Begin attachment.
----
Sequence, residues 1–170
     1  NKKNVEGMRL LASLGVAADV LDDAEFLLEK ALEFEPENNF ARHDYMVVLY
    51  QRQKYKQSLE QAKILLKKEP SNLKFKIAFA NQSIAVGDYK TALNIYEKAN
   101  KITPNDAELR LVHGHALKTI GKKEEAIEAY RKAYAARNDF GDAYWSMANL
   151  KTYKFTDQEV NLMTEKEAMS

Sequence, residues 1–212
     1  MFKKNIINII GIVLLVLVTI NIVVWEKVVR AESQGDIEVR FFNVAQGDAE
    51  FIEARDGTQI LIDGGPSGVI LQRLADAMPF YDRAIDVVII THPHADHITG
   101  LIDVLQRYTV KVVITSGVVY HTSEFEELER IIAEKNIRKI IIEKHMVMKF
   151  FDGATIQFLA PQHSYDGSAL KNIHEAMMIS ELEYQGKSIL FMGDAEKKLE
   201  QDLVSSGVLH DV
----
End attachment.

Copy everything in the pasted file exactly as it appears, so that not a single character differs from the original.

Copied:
Sequence, residues 1–170
     1  NKKNVEGMRL LASLGVAADV LDDAEFLLEK ALEFEPENNF ARHDYMVVLY
    51  QRQKYKQSLE QAKILLKKEP SNLKFKIAFA NQSIAVGDYK TALNIYEKAN
   101  KITPNDAELR LVHGHALKTI GKKEEAIEAY RKAYAARNDF GDAYWSMANL
   151  KTYKFTDQEV NLMTEKEAMS

Sequence, residues 1–212
     1  MFKKNIINII GIVLLVLVTI NIVVWEKVVR AESQGDIEVR FFNVAQGDAE
    51  FIEARDGTQI LIDGGPSGVI LQRLADAMPF YDRAIDVVII THPHADHITG
   101  LIDVLQRYTV KVVITSGVVY HTSEFEELER IIAEKNIRKI IIEKHMVMKF
   151  FDGATIQFLA PQHSYDGSAL KNIHEAMMIS ELEYQGKSIL FMGDAEKKLE
   201  QDLVSSGVLH DV